Over the past 3 months, the two of us have been able to tackle all of the issues mentioned above. Often, we've succeeded through sheer force of determination more than any particular merit of our own. In getting things set up, a scenario repeated itself so regularly it became funny. With limited hours at home, and a delay in getting our mailing address, we had to make special arrangements to get basic things transported to our home, like a sink or a door. When we began to install the appliance, we’d discover that it was unusable due to some manufacturer’s defect. This meant more arrangements to transport the defective thing back to the store, a fight to get them to take it back, and finally still more special arrangements to get the replacement back out to our house. After installation, our tankless electric water heater worked, exactly one time. Our in-person repair person advised us that if we would deal with pure cold showers for about a year that the water heater might fix itself (!!!!!). Instead, after only 6 weeks of cold showers, Ian was finally about to get it working himself, with over-the phone assistance from the company and Uncle Anthony. Our first 18 phone calls to our insurance company didn’t see our new home get insurance coverage - but our 19th call did…
We’ll remember these few months forever, both for the joy of building something and the satisfaction of working together to overcome an array of challenges. Through the process, we’ve even picked up some useful hands-on skills. This picture is the interior of our living room. Ian completed it last week, using what he learned from our friends Evan and Tom. The wooden planks covering the wall are local, sustainably harvested, and quite reasonable on cost. Our friend Wayne got us connected with the source.
We have been extremely blessed in 2019. Moving into our home on the range was only one of several dreams that became reality. For the past 5 years, we've been working towards the goal of offering healthy food to the community in a way that can help us pay off our loans on the land. 2019 kicked off with the sale of our first order of bison meat from the Farmstead. For the past several years, we’ve felt a growing responsibility to take our home solar in order to become better stewards of the planet. Thanks to Uncle Steve, the sunlight hitting a small patch of panels on the roof powers all of our home’s energy needs. Earlier this year, the Choctaw Food book, ten years in the making, was completed and is now in the hands of the community. It was largely photographed on the Farmstead. We don’t share details about our day jobs at Choctaw Nation on this blog, but two years of Ian’s work efforts are coming to fruition as the Choctaw Nation Cultural Center and its exhibits rapidly head towards completion and opening. Most of these things could not have been accomplished without friends, family, and community helping us somewhere along the way. We're grateful to everyone who taught us and lent us a helping hand in 2019.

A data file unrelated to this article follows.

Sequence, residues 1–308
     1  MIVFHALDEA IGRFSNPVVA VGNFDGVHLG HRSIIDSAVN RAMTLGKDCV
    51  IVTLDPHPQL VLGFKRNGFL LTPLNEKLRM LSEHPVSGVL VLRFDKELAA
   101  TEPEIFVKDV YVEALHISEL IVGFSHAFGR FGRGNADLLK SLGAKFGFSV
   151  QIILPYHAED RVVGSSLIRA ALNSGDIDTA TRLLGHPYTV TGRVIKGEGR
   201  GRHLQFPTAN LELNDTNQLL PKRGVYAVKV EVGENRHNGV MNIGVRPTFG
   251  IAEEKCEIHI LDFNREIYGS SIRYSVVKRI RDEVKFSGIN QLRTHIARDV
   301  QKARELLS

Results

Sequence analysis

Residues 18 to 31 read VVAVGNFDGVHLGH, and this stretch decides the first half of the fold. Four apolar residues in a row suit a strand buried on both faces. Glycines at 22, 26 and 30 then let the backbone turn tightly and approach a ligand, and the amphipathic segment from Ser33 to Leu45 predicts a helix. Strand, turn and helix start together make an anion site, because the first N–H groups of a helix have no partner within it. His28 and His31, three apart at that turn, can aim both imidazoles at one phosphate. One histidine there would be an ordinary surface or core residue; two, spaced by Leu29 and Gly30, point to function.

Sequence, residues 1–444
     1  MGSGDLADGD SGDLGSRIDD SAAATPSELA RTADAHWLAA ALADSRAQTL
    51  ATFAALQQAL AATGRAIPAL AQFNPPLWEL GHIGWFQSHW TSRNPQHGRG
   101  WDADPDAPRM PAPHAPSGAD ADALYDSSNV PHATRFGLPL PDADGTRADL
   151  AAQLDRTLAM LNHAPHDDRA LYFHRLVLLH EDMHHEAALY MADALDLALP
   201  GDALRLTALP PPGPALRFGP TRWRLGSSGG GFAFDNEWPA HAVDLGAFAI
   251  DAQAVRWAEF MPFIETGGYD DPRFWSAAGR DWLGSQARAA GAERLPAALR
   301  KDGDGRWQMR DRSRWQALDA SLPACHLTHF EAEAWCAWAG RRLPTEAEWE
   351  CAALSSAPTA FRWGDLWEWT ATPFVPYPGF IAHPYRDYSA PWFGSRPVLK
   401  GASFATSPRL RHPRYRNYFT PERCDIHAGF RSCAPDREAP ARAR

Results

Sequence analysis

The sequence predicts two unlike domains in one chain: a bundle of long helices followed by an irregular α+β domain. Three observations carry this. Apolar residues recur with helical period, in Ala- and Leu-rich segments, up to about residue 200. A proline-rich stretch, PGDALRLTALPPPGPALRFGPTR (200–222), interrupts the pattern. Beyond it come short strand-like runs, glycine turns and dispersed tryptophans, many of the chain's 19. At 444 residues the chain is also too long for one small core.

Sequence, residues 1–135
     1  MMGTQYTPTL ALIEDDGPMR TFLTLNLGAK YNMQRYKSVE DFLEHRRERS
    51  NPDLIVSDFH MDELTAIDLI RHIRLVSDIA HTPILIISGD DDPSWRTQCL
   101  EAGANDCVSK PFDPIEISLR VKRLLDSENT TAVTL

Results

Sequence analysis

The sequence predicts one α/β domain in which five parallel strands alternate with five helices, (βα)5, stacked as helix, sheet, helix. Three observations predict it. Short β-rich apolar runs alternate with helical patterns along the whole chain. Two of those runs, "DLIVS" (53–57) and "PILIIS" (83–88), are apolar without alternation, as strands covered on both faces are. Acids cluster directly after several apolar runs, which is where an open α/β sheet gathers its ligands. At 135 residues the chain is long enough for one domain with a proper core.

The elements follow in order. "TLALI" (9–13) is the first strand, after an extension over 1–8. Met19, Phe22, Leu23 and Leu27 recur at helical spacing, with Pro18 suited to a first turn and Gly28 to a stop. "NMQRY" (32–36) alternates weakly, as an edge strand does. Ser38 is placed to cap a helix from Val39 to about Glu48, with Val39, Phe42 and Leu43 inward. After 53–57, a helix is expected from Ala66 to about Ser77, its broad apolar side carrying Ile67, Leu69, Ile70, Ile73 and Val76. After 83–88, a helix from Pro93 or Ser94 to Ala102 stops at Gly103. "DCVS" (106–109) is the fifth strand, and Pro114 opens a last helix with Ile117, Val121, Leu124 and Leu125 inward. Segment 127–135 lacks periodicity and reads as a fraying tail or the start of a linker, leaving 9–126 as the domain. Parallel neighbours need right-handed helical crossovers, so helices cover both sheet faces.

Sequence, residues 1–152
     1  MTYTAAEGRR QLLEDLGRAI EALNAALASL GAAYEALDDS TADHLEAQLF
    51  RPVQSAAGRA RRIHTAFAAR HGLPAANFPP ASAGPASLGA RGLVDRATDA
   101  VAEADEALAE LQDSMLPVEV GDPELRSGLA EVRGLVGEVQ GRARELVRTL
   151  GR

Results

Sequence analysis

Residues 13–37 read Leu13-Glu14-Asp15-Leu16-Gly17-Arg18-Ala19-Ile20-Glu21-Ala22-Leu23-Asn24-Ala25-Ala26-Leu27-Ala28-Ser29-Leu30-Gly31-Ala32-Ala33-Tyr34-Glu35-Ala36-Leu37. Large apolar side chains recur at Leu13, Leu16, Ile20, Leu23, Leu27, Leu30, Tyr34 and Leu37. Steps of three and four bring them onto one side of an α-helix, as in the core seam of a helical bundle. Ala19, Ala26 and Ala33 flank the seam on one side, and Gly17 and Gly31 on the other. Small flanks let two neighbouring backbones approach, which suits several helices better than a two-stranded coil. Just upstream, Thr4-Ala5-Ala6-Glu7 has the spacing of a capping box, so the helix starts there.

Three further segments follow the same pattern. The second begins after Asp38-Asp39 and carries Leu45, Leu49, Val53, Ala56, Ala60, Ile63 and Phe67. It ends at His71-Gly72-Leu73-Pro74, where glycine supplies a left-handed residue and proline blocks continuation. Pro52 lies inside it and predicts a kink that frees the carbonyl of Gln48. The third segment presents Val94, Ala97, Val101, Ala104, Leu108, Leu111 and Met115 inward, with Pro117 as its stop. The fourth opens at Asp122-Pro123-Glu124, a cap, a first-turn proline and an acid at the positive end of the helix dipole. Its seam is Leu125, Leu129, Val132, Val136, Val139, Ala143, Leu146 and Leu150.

With goals completed or nearly completed this year, it’s time to begin working towards the next ones. The goal that we are most excited about is setting Nan Awaya Heritage Farmstead up for guests to regularly come enjoy some special experiences. Stay tuned.
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Into Thin Air
October 16, 2019
Choctaw Food: Remembering the Land, Rekindling Ancient Knowledge